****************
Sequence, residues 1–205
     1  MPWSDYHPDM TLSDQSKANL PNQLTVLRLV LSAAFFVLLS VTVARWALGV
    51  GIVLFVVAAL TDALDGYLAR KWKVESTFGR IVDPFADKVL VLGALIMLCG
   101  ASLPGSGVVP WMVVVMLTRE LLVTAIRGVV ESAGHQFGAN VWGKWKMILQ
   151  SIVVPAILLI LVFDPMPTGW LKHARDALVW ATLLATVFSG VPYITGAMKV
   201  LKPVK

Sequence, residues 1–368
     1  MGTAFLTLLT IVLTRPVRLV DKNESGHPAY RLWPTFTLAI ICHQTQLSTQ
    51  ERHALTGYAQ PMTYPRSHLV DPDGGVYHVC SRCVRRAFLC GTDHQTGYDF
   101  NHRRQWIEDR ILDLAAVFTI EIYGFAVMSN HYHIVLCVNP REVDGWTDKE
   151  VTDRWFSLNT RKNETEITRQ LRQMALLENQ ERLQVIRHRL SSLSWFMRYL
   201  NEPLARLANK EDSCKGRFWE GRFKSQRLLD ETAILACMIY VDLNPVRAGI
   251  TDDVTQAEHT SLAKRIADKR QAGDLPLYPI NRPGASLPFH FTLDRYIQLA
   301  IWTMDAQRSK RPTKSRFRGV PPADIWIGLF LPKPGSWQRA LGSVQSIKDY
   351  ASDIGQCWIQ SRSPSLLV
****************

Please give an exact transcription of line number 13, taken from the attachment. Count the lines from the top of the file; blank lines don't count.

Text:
   251  TDDVTQAEHT SLAKRIADKR QAGDLPLYPI NRPGASLPFH FTLDRYIQLA